5. Concise encyclopedia of languages of the world, Ed. Keith Brown, Sarah Ogilvie, (Elsevier Ltd. , 2009), 1110;Oghuz Turkic is first represented by Old Anatolian Turkish which was a subordinate written medium until the end of the Seljuk rule.".
  6. A New General Biographical Dictionary, Vol.2, Ed. Hugh James Rose, (London, 1853), 214.
  7. Grousset, Rene, The Empire of the Steppes, (New Brunswick:Rutgers University Press, 1988), 167.
  8. Grousset, Rene, The Empire of the Steppes, (New Brunswick:Rutgers University Press, 1988),159,161; "In 1194, Togrul III would succumb to the onslaught of the Khwarizmian Turks, who were destined at last to succeed the Seljuks to the empire of the Middle East."
  9. Marshall Cavendish Corporation (2006). Peoples of Western Asia. p. 364. 
  10. Bosworth, Clifford Edmund (2007). Historic Cities of the Islamic World. p. 280. 
  11. Borrero, Mauricio (2009). Russia: A Reference Guide from the Renaissance to the Present. p. 162. 
  12. * "Aḥmad of Niǧde's al-Walad al-Shafīq and the Seljuk Past", A. C. S. Peacock, Anatolian Studies, Vol. 54, (2004), 97; "With the growth of Seljuk power in Rum, a more highly developed Muslim cultural life, based on the Persianate culture of the Great Seljuk court, was able to take root in Anatolia."
    • Meisami, Julie Scott, Persian Historiography to the End of the Twelfth Century, (Edinburgh University Press, 1999), 143; "Nizam al-Mulk also attempted to organise the Saljuq administration according to the Persianate Ghaznavid model&nbsp k..."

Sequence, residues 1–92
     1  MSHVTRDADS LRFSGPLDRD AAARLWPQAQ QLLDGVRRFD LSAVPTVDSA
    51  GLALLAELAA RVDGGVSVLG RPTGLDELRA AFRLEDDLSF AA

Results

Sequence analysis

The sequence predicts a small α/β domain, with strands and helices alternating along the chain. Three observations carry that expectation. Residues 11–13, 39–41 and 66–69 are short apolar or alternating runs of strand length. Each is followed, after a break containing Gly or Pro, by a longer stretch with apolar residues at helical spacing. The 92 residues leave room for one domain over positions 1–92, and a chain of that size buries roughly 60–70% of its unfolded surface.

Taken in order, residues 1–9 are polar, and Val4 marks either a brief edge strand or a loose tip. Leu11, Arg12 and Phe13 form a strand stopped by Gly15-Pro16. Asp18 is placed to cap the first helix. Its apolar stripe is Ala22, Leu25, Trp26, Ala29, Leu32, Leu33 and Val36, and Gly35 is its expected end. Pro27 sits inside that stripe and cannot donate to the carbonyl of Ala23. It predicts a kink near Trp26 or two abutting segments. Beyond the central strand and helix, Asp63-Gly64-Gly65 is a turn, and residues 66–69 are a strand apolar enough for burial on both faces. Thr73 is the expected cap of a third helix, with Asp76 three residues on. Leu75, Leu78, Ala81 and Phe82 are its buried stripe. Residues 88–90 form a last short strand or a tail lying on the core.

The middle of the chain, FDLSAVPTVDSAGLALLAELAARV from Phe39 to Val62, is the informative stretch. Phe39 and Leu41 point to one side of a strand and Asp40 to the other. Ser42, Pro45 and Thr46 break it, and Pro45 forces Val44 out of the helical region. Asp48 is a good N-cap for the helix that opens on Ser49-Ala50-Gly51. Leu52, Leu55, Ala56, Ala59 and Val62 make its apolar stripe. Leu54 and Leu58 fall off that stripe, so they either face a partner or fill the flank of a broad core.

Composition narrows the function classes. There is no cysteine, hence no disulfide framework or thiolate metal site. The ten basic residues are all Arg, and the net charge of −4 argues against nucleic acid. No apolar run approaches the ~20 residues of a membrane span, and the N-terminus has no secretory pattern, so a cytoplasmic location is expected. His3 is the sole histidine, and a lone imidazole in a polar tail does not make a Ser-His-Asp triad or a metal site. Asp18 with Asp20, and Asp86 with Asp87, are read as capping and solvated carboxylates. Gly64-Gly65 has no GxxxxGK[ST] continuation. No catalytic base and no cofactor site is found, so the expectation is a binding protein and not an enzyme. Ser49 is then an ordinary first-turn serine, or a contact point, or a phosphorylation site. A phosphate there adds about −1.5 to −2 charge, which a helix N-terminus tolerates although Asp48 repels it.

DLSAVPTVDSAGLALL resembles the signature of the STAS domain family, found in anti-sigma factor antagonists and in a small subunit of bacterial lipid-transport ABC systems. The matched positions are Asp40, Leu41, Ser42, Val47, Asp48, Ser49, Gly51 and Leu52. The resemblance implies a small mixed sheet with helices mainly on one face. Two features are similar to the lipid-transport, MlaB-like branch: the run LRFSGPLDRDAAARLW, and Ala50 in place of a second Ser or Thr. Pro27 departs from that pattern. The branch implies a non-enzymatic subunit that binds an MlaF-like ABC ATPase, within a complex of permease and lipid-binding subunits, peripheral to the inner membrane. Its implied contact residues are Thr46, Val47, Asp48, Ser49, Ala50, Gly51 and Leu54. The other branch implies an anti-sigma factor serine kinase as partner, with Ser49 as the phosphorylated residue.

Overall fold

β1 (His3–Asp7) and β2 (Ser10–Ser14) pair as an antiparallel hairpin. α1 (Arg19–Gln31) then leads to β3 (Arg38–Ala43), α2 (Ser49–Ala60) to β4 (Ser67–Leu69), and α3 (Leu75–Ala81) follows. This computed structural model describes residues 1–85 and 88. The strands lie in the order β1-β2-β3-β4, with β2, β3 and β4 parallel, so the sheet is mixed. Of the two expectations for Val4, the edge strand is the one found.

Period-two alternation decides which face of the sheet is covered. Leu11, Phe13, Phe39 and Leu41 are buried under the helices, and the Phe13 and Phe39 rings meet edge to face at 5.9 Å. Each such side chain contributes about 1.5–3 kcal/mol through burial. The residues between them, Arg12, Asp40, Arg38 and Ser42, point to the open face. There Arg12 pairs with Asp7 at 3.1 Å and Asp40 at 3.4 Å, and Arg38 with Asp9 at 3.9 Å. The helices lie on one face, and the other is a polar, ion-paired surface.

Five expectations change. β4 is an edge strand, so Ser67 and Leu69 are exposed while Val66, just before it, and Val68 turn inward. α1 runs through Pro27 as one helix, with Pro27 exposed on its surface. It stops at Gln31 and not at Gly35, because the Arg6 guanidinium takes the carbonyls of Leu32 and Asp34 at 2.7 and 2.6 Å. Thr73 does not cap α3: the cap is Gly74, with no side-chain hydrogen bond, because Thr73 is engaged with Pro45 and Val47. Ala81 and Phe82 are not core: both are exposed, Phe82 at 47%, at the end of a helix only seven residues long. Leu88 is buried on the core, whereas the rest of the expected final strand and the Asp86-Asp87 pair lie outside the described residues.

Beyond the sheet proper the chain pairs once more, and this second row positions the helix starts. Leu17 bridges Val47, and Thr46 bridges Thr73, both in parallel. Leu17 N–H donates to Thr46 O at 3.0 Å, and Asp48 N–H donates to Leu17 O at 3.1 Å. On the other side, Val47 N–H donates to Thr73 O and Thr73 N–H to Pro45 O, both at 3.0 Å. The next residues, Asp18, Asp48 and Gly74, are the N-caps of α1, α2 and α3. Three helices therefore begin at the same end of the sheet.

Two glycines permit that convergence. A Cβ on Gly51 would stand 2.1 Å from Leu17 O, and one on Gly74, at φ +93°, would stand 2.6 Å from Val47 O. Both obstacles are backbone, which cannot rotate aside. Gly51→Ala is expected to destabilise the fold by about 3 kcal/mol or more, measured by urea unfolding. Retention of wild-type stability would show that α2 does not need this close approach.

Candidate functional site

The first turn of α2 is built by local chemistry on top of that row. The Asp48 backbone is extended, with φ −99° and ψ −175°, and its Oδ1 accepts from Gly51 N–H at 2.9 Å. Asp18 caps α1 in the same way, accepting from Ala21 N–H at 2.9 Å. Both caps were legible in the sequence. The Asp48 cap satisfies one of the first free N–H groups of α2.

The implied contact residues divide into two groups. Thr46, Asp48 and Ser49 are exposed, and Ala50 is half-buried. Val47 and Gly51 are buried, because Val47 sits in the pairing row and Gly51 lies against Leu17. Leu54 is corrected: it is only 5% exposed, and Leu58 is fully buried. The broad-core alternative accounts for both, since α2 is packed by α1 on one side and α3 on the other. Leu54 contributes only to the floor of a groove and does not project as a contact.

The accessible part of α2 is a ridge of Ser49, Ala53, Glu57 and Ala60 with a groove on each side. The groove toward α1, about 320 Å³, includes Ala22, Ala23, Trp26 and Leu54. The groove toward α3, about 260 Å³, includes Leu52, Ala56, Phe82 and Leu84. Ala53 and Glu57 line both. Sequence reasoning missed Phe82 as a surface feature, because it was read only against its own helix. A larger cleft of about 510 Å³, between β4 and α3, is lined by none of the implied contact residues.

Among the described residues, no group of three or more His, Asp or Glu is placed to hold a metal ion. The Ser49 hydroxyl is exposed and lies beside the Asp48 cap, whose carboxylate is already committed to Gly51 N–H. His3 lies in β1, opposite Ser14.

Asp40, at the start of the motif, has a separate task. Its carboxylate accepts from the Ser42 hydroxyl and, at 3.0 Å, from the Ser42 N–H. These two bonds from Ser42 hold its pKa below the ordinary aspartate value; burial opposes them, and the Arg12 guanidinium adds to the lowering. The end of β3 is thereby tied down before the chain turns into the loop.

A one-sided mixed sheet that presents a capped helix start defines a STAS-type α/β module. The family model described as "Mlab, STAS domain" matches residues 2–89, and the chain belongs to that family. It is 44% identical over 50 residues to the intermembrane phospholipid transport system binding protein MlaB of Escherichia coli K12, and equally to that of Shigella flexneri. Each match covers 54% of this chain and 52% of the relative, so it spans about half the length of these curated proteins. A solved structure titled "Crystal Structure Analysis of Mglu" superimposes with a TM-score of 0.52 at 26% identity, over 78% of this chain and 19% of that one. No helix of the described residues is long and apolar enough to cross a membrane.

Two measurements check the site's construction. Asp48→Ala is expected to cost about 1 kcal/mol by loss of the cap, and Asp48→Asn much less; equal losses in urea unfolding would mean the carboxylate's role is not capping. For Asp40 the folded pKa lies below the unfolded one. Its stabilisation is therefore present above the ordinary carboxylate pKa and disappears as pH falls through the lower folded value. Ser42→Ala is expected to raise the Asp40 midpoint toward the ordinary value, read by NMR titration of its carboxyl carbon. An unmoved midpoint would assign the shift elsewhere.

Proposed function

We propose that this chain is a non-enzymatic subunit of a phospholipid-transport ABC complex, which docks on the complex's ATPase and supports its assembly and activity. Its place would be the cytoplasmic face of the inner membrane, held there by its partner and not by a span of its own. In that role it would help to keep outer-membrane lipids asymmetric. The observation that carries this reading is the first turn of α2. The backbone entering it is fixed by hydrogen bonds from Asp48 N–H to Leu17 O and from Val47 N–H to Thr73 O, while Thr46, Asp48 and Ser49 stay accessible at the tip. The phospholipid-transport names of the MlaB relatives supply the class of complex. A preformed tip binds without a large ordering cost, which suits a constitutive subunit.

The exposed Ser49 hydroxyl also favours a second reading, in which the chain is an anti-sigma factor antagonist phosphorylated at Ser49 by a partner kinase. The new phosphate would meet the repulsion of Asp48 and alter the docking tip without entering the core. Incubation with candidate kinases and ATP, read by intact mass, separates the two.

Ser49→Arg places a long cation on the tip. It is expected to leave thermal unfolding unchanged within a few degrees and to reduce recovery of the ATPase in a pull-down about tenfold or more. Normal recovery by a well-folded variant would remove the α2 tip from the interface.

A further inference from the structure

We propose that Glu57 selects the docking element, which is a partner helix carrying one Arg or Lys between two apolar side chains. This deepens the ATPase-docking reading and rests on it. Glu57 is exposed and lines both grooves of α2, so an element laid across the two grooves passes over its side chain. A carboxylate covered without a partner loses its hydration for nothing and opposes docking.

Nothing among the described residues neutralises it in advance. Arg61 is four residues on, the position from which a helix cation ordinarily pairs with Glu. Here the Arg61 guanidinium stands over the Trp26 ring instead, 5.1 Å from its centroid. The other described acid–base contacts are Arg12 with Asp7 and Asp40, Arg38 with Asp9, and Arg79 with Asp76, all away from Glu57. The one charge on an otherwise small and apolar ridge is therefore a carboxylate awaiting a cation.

• Encyclopaedia Iranica, "Šahrbānu", Online Edition: "here one might bear in mind that non-Persian dynasties such as the Ghaznavids, Saljuqs and Ilkhanids were rapidly to adopt the Persian language and have their origins traced back to the ancient kings of Persia rather than to Turkmen heroes or Muslim saints ..."
    • Josef W. Meri, Medieval Islamic Civilization: An Encyclopedia, Routledge, 2005, p. 399
    • Michael Mandelbaum, Central Asia and the World, Council on Foreign Relations (May 1994), p. 79
    • Jonathan Dewald, Europe 1450 to 1789: Encyclopedia of the Early Modern World, Charles Scribner's Sons, 2004, p. 24: "Turcoman armies coming from the East had driven the Byzantines out of much of Asia Minor and established the Persianized sultanate of the Seljuks."
    • Grousset, Rene, The Empire of the Steppes, (Rutgers University Press, 1991), 161, 164; "renewed the Seljuk attempt to found a great Turko-Persian empire in eastern Iran." "It is to be noted that the Seljuks, those Turkomans who became sultans of Persia, did not Turkify Persia-no doubt because they did not wish to do so. On the contrary, it was they who voluntarily became Persians and who, in the manner of the great old Sassanid kings, strove to protect the Iranian populations from the plundering of Ghuzz bands and save Iranian culture from the Turkoman menace."
    • Wendy M. K. Shaw, Possessors and possessed: museums, archaeology, and the visualization of history in the late Ottoman Empire. University of California Press, 2003, شابک: ‎۰-۵۲۰-۲۳۳۳۵-۲, شابک: ‎۹۷۸-۰-۵۲۰-۲۳۳۳۵-۵; p. 5.
  13. * Jackson, P. (2002). "Review: The History of the Seljuq Turkmens: The History of the Seljuq Turkmens". Journal of Islamic Studies. Oxford Centre for Islamic Studies. 13 (1): 75–76. doi:10.1093/jis/13.1.75. 
    • Bosworth, C. E. (2001). 0Notes on Some Turkish Names in Abu 'l-Fadl Bayhaqi's Tarikh-i Mas'udi". Oriens, Vol. 36, 2001 (2001), pp. 299–313.
    • Dani, A. H. , Masson, V. M. (Eds), Asimova, M. S. (Eds), Litvinsky, B. A. (Eds), Boaworth, C. E. (Eds). (1999). History of Civilizations of Central Asia. Motilal Banarsidass Publishers (Pvt. Ltd).